The Longhorns have started their Maryland preparation and while DJ Durkin is playing coy with respect to naming his starter, I can read the tea leaves in the crab cakes. Or something.
So can our staff. And if we know the Terp’s starter, we know the Maryland offense we’ll see.
A quick review of the four candidates:
Caleb Henderson – JR, 6-3, 225
The fourth year transfer from North Carolina was a four star high school recruit (#10 ranked pro style prospect in 2014) who left the Tarheels when he couldn’t beat out NFL 1st rounder Mitch Trubisky for the starting gig. Henderson has been plagued by foot and ankle injuries and has missed too much practice time to factor.
Max Bortenschlager – SO, 6-3, 215
Bortenschlager started against Nebraska last year, going 14 of 29 for 191 yards, including a 92 yard touchdown pass to standout WR DJ Moore. Beyond that play to Moore, he was ineffective and is clearly running 3rd team.
Kasim Hill – FR, 6-2, 230
The four star recruit (Rivals Top 100 national recruit) was one of the most heralded recruits in DJ Durkin’s last class and has thus far impressed with his arm and downfield accuracy. He is, however, a true freshman and has exhibited all that means in terms of game management. Running out a true freshman drop back passer be an interesting opening day gambit, but doing it behind a shaky pass blocking OL in front of 100,000 fans in a road opener against a Todd Orlando defense is a bridge too far. Hill will eventually end up as the Terp starter, but it won’t be against Texas.
Could he be used situationally in Austin? Possibly. But that will depend on the play of the starter, the man they call Piggy….
Tyrrell Pigrome – SO, 5-11, 200
Piggy! Let’s watch a freshman highlight video featuring bad rap!
Pigrome saw a fair amount of action last year, throwing for 322 yards and rushing for 254 in relief and in a start against Minnesota. Piggy is a former Alabama Gatorade Player of the Year and led his 6A high school to consecutive state title games, but the lack of pursuit from home state institutions suggest what his tape shows: a natural leader improv playmaker QB with substantial limitations as a passer who can freestyle his way into big plays at lower levels of competition but isn’t dynamic enough to kill good defenses off-schedule.
Pigrome is a pretty common archetype – we’ve seen this dude a hundred times with different names – and while Trevone Boykin represents that archetype’s apogee, the more common variety never exhibits the accuracy and arm strength to fully make their dual threat respected by defenses. He’s slippery (lots of duck and scoot from the pocket), plenty quick, lacks top end speed and he’s a scatter arm on some throws that require precision. Pigrome’s passing program is pretty much inside the hashes and a sideline go route to DJ Moore. Could he have made giant offseason strides? Maybe. But he’ll have to demonstrate it in ten days.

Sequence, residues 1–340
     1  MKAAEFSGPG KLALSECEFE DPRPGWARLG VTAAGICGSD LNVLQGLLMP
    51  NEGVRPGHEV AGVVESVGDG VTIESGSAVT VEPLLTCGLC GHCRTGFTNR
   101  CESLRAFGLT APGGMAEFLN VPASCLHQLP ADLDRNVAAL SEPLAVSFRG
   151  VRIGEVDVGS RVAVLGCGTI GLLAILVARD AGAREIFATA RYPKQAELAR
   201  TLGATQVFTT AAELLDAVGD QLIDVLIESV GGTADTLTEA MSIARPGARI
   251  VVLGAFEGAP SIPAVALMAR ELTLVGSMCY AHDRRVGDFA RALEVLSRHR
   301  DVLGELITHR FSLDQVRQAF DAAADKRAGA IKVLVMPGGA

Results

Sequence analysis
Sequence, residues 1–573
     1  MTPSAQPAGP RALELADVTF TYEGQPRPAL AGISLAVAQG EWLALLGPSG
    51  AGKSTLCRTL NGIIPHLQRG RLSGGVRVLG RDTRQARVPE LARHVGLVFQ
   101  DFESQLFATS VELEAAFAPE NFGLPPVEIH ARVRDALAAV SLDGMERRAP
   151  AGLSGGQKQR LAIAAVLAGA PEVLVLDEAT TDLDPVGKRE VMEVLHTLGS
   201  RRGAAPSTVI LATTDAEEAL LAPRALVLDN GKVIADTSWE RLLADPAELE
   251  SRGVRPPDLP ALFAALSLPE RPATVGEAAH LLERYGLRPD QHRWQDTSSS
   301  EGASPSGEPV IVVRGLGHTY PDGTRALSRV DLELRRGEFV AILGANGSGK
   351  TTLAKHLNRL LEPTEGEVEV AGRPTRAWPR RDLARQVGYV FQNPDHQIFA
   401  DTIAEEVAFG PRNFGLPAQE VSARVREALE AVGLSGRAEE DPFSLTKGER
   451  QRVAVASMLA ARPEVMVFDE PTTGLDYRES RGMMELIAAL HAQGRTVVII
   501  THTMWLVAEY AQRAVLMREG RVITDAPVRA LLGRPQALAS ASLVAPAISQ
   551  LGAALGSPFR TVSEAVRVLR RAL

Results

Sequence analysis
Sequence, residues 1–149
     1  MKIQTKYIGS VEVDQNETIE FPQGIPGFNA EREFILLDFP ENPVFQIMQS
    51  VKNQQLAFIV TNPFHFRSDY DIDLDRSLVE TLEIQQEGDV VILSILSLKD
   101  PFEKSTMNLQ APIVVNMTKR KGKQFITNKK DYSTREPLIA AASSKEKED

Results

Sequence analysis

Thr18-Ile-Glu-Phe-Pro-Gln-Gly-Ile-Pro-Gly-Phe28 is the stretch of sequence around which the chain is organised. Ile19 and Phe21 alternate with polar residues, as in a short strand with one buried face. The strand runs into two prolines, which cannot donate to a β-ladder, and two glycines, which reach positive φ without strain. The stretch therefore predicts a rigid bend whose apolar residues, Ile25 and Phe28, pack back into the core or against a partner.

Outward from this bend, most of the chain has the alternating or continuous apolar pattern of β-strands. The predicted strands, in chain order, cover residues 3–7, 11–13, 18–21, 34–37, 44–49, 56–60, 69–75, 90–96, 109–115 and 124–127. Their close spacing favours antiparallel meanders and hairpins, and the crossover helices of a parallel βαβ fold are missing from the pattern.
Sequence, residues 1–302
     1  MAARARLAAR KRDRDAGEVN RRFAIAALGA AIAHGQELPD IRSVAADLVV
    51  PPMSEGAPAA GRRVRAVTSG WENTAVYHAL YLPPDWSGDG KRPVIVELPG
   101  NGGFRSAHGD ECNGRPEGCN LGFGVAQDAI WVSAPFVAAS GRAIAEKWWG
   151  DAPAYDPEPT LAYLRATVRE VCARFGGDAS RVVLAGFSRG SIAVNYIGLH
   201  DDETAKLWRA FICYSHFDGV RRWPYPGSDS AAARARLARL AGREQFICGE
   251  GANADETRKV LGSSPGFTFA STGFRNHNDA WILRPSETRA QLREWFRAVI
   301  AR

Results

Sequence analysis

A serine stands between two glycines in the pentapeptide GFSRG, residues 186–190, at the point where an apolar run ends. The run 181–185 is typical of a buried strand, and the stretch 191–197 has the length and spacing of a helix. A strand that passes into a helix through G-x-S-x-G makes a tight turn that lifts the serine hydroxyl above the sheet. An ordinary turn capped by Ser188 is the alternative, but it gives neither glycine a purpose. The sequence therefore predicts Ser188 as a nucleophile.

His skill set should suit our athletic upgrades at safety just fine. I like our group with eyes on this type of QB – there’s good potential for going Lord of the Flies on Piggy if he tries a cross-body late throw over the middle while scrambling or tip toes up the middle on a QB draw.
The good news for Maryland is that its offensive personnel generally suit Piggy’s strengths – the OL is physical and good at run blocking, but they struggle to protect in obvious passing situations. They also have a stable of explosive running backs (Ty Johnson ran for 1,000+ last year while averaging 9.1 yards per carry – not a misprint).
Personnel write game plans. Maryland is going to run the ball and try to improvise 3rd down into an acceptable conversion rate.
Piggy’s desire to play 3rd and long off schedule is a test of tackling and defensive soundness. If we’re sound, the Terps will generally find 3rd down or any series with an offensive penalty a big problem. However, their regular downs running game will provide an immediate test of our LB physicality, the secondary’s ability to understand down, distance and formation and the front’s ability to not settle for ties – all areas where Texas scored a resounding D or F in 2016.
Maryland may not fully prepare us for Big 12 flag football, but they will tell us about our toughness and intelligence.
So how can Maryland be effective with the improviser athlete at QB?
1. Take the air out of the ball. They’ll run power to test our base nickel, but expect plenty of 2 back misdirection and option mixed with RPO
2. Hit a couple of off schedule plays downfield to WR DJ Moore if our CBs do their 2016 “I don’t need to know the coverage cuz I’m a balla” routine.
3. Play good defense and prevent the Horns from playing with a lead.
4. Convert short yardage. Convert in the red zone.
A winning box score for Pigrome is 74 yards rushing, 125 passing yards, no turnovers and 37 minutes in time of possession.
Todd Orlando knows that. And while it will be fun to see him launch a Pigrome pogrom on 3rd and long, the game will largely be decided on 1st and 2nd down. Nelson, Ford, Omenihu, Roach, Wheeler and the starting B-backer (likely Hughes given the Terps run fixation) need to bring it at the point of attack and guys like Jones, Elliott, Hall and Locke need to show what 210-215 pound safeties can do in run support.
If the Texas defense has shored up its fundamentals and physicality, they will not only win on defense, but they could dominate the Terps. Particularly if the offense helps with an early lead and forces the turtles into a foot race.
If we haven’t, expect a long, hot frustrating day.